Rural Commentary

Rural women’s contribution an unseen and unrecognised value

Here at Tracta we recently undertook an in-depth survey into the thoughts and feelings of women living in rural New Zealand, and while it came as no surprise that generally this is a group who feel undervalued and underappreciated, the intent to which some companies are missing the mark when marketing to this all-important sector is concerning.

The largely unappreciated role of women in farm businesses, and the opportunity provided through such knowledge, is a key learning from this 250+ women survey with a staggering 35% of respondents feeling they are understood or respected by rural product and service marketers.

Our interpretation and feeling is that there is a degree of condescension, especially given that 65% of respondents feel that providers do an average to bad job of talking to them.  The first rule of marketing is to know your market and our job of taking and interpreting the mood and views of rural New Zealand is to point out where suppliers of goods and services could be falling short.

One misunderstanding could be the level of academic achievement by the female half of the rural busineses. Nearly 80% of the Women in Rural New Zealand survey respondents have a post-secondary school qualification. Almost 20% hold a postgraduate qualification or higher.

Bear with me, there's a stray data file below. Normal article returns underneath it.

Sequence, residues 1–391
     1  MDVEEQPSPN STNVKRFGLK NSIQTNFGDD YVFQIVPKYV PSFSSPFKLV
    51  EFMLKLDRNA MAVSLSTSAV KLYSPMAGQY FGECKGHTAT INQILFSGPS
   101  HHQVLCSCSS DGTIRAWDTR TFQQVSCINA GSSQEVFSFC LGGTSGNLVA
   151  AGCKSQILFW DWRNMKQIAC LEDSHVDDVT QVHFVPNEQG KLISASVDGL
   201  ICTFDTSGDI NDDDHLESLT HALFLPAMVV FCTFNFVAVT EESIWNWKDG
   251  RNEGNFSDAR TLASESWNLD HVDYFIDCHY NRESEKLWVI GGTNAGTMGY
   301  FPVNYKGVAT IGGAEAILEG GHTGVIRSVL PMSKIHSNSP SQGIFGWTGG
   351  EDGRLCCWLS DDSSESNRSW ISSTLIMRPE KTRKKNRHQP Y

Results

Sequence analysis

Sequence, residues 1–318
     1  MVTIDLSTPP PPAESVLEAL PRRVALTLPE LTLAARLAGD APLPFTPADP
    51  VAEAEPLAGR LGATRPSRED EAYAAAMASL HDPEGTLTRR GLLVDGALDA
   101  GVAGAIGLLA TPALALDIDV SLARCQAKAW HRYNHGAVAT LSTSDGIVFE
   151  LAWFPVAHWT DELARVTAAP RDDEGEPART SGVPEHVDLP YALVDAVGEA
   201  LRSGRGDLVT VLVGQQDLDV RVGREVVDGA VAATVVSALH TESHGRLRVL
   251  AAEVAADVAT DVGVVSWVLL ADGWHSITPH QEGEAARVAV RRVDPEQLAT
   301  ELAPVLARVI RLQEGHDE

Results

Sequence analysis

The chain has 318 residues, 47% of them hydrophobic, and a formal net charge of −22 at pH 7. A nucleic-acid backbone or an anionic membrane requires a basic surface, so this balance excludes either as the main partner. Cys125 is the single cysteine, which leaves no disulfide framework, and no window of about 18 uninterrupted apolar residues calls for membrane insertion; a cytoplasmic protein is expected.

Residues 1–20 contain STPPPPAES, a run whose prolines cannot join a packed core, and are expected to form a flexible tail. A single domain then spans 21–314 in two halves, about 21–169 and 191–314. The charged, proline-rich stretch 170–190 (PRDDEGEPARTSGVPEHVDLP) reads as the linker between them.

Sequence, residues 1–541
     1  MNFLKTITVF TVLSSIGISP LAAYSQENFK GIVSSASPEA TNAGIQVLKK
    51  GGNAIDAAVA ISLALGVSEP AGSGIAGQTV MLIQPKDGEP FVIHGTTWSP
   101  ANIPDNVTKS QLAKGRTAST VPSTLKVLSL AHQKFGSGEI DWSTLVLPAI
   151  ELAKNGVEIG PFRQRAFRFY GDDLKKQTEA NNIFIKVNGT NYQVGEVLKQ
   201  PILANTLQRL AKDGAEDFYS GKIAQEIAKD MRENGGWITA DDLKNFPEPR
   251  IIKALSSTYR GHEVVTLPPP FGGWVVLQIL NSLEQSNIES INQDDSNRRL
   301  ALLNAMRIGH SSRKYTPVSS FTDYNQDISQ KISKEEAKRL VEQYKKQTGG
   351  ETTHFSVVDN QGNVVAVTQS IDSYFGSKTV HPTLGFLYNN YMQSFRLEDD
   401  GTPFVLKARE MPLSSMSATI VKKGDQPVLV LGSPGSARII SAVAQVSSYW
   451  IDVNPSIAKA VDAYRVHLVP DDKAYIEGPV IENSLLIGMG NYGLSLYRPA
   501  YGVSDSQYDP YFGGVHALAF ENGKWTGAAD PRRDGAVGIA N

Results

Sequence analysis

As the survey clearly shows, women are almost always involved in large purchasing decisions. From farm and environment management to strategic planning and forecasting to bill payments, women are hugely involved in their farming operations. Yet many respondents said that those inside and outside agriculture continue to attribute success of their farming businesses only to the male, seeing little value in the woman’s role.

One woman’s comment neatly summarises this frustration: ‘Just because I’m the one that meets the school bus doesn’t mean I’m not a key player and decision-maker in our agribusiness’.

The biggest on-farm issues recognised by survey respondents were profitability and productivity.  However, only about a third of respondents feel there is enough support for women in the rural sector.

Additionally, 85% of those surveyed identified balancing career/family expectations as a key issue for rural women. For some, this translates to loneliness as a concern, especially given that some of the roles women play are perceived as being in the background.

The increasing use of, and indicated preference for internet-delivered information, as well as the heightened use of social media among this savvy group means that any erosion of trust instantly becomes known far and wide.

For these women, the top four traits in order of importance when selecting a product and services supplier were;

  1. reliability
  2. trustworthiness
  3. quality of products/service
  4. service

This clearly shows that from rural women’s point of view, you need to deliver on your promises.

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